Michelle James: The most effective and meaningful changes I’ve observed have come from both embracing creative practices and also establishing new foundations: generative principles of engagement, expanded mind sets, new frameworks, and entering into a “co-creative partnering” type of relationship with each other, and with the unknown. For example, weaving improv-based principles as the rules of engagement in meetings can transform both the energy and outcomes. One client transformed their meetings – which were either boring or contained continual battles for whose idea was best – into Discovery Sessions just by setting three of the improv principles as the foundational container for each meeting: yes-and, make everyone look good, and serve the good of the whole. Their once dreaded meetings, where little got done and all felt drained, became lively, co-creative sessions where new and different ideas and applications emerged in the meeting itself by just adhering to new principles of engagement. People began building on each other’s ideas instead of only defending their own.
Another example: an aspiring entrepreneur may have three different passions or business ideas and believes he or she has to choose one. By engaging emergence by conscious pattern breaking, whole-brain and somatic creative techniques, and deep immersion into the question, a new and completely unexpected pattern can emerge that reveals a coherent structure that could not have been predicted before that exploratory deep dive. A new coherent business structure can emerge that contains what is most alive and relevant of the three previous ideas, along with surprising new qualities. I have seen this so many times with entrepreneurs who are creating a business that doesn’t fit neatly into a current business model, my own business included. One level of thinking’s either/or question becomes the next level of thinking’s both/and solution. It often requires hanging out in “not knowing” for part of the process.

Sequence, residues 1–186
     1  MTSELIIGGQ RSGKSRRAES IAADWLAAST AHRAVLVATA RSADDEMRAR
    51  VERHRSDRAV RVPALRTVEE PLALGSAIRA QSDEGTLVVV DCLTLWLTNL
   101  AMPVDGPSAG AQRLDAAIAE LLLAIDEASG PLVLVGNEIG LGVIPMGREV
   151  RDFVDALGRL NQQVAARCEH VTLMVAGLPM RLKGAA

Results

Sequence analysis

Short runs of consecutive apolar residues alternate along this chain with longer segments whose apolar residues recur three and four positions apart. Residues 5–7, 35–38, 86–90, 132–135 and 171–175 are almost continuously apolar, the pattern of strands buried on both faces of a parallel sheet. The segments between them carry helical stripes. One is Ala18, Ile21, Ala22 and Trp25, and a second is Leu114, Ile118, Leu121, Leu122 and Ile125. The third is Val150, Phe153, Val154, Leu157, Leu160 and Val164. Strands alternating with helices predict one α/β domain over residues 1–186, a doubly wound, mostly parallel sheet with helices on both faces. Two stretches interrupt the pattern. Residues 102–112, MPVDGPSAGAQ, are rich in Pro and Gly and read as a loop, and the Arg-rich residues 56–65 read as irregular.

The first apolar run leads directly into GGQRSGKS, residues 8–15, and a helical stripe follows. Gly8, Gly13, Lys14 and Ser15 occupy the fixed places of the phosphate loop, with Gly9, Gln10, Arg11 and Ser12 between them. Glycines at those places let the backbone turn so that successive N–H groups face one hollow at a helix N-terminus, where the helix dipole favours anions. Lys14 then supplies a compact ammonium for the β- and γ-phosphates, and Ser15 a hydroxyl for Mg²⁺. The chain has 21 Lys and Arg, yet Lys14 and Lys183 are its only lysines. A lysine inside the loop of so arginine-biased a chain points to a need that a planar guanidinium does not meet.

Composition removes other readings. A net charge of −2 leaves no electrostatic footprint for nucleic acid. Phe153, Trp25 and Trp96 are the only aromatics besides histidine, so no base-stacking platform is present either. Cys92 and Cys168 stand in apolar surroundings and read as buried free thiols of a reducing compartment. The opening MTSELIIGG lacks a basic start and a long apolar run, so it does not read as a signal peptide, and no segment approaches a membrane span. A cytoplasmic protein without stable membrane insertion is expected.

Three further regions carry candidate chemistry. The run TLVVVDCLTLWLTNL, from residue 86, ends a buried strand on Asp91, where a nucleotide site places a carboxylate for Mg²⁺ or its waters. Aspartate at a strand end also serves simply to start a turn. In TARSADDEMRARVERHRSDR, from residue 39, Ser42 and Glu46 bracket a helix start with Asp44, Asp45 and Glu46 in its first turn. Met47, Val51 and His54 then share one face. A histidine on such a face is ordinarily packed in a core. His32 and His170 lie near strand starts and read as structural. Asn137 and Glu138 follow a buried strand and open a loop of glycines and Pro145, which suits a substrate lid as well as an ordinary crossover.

Todd: How is emergence related to creativity? What does it look like when it happens?